According to the New York Times, pre-cancerous genital growths are becoming significantly more common in women -especially those in their 40s. A medical group reported a fourfold increase in women from 1973 to 2000. Human Papilloma Virus is the cause of most of the growths and is known to cause cancers of the cervix, penis, anus and parts of the throat. The growths, called vulvar intraepithelial neoplasia, can be removed by surgery, lasers or drugs. Dr. Massad, a professor at WashU-St. Louis and a spokesperson for the American College of Obstetricians and Gynecologists (the aforementioned medical group) says that most specialists are seeing more cases than the past- at least one a week. But Massad is also concerned with over-treatment - many of the genital abnormalities are just non-cancerous warts, and don't need to be aggressively removed.
Some doctors think that the increases in pre-cancerous growths are due to people having more sexual partners and giving themselves more opportunities to get infected to HPV. According to the researchers, more than 50% of sexually active men and women become infected and 80% of women have been exposed by the time they are 50. While more people are developing growths, rates vulvar cancer are not increasing, according to the National Cancer Institute. It is possible that the growths are being appropriately treated, or that not enough time has passed to the cancer to develop.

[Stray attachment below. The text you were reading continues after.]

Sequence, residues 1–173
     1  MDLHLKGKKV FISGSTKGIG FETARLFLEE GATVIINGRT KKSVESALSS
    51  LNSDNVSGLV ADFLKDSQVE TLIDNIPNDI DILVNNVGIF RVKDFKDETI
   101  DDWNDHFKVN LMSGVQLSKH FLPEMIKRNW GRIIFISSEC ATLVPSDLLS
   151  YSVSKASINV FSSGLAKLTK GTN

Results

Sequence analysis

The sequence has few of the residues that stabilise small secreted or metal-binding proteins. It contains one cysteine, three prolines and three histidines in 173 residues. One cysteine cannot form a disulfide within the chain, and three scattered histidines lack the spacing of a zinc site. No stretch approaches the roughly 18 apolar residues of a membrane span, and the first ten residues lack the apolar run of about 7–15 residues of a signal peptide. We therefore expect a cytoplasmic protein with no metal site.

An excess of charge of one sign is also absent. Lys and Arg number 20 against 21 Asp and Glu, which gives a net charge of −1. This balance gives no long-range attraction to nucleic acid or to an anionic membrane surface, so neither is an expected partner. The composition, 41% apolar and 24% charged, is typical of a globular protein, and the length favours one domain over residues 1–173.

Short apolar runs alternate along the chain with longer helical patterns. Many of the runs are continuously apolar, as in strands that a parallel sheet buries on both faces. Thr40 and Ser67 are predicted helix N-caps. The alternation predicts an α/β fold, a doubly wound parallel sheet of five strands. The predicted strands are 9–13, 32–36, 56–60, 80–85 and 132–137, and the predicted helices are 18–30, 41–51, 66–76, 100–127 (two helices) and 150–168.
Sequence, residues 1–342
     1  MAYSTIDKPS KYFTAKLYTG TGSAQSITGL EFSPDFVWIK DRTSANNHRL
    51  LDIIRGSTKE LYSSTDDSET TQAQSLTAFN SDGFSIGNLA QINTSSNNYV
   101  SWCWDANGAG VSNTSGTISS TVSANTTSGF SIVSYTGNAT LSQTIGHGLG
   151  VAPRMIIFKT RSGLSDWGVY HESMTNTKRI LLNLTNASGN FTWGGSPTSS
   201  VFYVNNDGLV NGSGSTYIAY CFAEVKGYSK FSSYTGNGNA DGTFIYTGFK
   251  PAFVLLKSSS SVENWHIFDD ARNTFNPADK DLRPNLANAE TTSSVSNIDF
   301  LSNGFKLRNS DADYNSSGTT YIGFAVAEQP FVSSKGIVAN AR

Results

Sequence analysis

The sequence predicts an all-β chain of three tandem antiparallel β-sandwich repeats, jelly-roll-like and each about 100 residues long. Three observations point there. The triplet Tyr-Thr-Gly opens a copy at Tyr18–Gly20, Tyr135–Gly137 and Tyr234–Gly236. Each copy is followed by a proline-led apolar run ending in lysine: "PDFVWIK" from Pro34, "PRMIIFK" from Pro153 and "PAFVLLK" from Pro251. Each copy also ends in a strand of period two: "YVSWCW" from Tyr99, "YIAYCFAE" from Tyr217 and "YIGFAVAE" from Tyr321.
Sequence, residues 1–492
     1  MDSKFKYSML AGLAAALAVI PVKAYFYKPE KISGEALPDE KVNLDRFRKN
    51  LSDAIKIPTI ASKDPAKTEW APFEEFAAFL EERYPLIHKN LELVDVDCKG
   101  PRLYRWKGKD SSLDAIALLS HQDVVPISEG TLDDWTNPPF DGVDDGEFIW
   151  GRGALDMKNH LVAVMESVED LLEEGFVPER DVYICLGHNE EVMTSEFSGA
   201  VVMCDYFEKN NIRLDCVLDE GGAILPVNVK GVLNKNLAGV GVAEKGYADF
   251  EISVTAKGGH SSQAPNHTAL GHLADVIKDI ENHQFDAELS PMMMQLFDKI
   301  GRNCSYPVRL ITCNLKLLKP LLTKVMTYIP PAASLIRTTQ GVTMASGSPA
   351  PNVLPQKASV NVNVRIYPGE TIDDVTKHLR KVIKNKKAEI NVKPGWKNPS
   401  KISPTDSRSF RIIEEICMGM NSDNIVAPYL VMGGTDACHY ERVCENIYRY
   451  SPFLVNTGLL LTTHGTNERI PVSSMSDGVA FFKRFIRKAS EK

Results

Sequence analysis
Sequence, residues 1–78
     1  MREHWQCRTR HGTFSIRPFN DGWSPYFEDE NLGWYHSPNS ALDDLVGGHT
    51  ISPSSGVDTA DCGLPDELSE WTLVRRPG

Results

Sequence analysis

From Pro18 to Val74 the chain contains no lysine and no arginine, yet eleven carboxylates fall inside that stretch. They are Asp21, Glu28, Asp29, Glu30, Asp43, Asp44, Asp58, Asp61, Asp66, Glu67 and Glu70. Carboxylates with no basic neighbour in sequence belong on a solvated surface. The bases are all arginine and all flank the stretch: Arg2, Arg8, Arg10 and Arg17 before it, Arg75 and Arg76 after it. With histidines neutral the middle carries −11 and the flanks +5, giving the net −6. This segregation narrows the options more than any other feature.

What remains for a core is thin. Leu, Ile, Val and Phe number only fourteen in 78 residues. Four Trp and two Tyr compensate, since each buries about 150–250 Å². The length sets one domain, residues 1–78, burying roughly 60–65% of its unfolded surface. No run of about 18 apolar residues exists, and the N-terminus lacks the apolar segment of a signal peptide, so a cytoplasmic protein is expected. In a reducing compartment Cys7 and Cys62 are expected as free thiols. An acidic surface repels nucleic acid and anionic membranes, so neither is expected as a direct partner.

It will be interesting to watch HPV-related cancer rates in the future - and this article really puts into perspective how important getting the HPV vaccine in childhood/early adulthood can be. The vaccine, Gardasil, was made to prevent cervical cancer, but can also help precent the growths (cancerous and non-cancerous alike) from developing, although only the growths caused by HPV. Those caused by herpes viruses are another can of worms, so to speak.
read the article.